European Parliament mulls lobby ban for big companies
The European Parliament’s special tax committee is seeking to punish multinationals for refusing to send representatives to a hearing in June by revoking lobbyist passes and preventing access to senior European Commission officials.
AB InBev, AmazonEU, Barclays Group, Fiat Chrysler Automobiles, Google, HSBC Bank, Ikea, McDonalds and The Coca-Cola Company are among a list of multinationals that turned down invitations.
Other companies like the Walt Disney Company and Facebook did not reply to requests to attend the committee.
The special committee was set up to probe tax evasion in the EU following the exposure in 2014 of a scheme in Luxembourg that allowed over 340 large companies to avoid tax.
The committee invited representatives from several multinationals to a June hearing but was met with a series of refusals.
Now it wants to increase its powers.
Parliament vice-president Sylvie Guillaume, a French centre-left MEP, has suggested the tax committee file a complaint against the firms for not respecting the transparency register’s code-of-conduct rules.
In an internal letter, dated Wednesday (16 July) and seen by this website, she proposed stripping lobbyists’ access to senior European commission officials and not allowing them into the European Parliament.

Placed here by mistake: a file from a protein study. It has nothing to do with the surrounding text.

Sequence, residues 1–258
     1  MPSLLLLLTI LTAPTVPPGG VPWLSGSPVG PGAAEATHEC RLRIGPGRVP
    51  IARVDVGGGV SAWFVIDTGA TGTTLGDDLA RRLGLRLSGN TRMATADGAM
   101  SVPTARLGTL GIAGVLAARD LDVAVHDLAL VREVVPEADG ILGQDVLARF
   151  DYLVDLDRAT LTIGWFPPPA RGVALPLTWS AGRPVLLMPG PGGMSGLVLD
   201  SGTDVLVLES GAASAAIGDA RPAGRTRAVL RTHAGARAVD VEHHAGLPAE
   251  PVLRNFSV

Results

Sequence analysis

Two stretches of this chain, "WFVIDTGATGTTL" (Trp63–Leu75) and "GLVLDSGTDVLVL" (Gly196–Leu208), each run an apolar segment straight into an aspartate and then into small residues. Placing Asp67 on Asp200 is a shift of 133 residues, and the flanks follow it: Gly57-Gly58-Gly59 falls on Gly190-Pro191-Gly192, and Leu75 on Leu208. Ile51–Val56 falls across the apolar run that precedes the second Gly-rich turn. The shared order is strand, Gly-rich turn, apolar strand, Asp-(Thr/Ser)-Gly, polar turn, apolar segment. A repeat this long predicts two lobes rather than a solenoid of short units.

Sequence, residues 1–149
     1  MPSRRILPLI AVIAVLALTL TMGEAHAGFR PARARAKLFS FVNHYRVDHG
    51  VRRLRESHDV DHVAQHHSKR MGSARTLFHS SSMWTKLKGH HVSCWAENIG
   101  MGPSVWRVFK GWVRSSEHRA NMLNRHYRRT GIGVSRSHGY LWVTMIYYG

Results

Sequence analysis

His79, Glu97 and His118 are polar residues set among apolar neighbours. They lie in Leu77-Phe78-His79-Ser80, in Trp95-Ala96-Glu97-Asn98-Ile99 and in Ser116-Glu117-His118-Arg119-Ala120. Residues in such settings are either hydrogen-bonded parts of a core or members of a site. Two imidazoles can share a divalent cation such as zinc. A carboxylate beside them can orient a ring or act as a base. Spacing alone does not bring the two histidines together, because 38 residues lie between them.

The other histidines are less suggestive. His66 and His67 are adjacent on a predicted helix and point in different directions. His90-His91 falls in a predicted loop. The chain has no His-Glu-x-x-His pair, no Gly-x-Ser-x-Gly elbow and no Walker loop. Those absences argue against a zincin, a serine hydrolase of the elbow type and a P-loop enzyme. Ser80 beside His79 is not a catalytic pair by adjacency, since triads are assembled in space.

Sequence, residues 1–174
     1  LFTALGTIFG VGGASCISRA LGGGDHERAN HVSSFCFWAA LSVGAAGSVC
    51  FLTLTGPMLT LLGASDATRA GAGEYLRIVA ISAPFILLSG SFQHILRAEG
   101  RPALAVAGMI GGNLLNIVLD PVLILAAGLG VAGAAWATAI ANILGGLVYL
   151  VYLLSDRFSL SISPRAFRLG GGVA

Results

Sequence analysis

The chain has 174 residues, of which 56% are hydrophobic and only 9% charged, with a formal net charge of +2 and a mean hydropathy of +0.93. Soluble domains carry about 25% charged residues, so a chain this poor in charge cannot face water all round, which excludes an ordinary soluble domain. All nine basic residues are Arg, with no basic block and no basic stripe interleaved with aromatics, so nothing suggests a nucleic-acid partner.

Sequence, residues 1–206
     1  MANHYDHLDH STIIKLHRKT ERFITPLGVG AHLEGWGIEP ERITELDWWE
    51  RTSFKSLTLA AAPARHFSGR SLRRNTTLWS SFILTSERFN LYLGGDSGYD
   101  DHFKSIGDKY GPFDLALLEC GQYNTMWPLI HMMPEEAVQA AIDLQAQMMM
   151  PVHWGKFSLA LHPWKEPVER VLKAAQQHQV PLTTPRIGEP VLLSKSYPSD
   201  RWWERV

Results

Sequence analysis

According to the EU’s joint-transparency register, AB InBev has two people working at its Brussels office, AmazonEU (2), Barkley (8), Fiat Chrysler Automobiles (6), Google (9), HSBC Holdings PLC (11), IKEA Services B.V. (5), McDonald’s Europe (2), and The Coca-Cola Company (8).
AB InBev turned down the invitation because it is being probed by the Belgian government on tax evasion grounds.
Amazon also refused because it too is being investigated.
“As that investigation is ongoing, it would be inappropriate for us to discuss matters related to the case. As such, we must decline your invitation”, said AmazonEU’s Xavier Garambois.
Fiat Chrysler Automobiles, which is also under a tax evasion probe, said “we believe that it would, in the circumstances, not be appropriate for us to participate in the public hearing.”
A response written on the behalf of Google’s CEO Eric Schmidt apologised for not being able to find a speaker and then offered to send the company’s “position on tax issues” in writing.
Doug Goare, president of McDonald’s Europe, turned down the request because of scheduling problems. He also noted the European commission’s anti-competition regulators are “looking into the possibility to open an inquiry on certain tax-related issues”.
The fast-food giant has been accused by trade unions of avoiding more than €1bn in tax by exploiting a royalties loophole through Luxembourg.
HSBC Holdings PLC told the committee it too couldn’t find a suitable representative and that it would be inappropriate for the bank “to comment on a wide range of tax-related issues which are currently the subject matter of criminal and supervisory enquiries”.
The Coca-Cola Company said its president, James Quincey, is travelling and its Brussels staff is away for the whole week in Atlanta, Georgia. The firm then offered to meet the committee members and its president another time.
For their part, Barclays Group and Ikea said they couldn’t attend due to scheduling problems and previous commitments.
Amazon, Barclays, BNP Paribas, Ikea, and Walt Disney are among those companies that secured secret deals in Luxembourg to cut their global tax bills.
The deals allowed some of the firms to pay an effective tax rate of less than 1 percent on the profits declared in Luxembourg.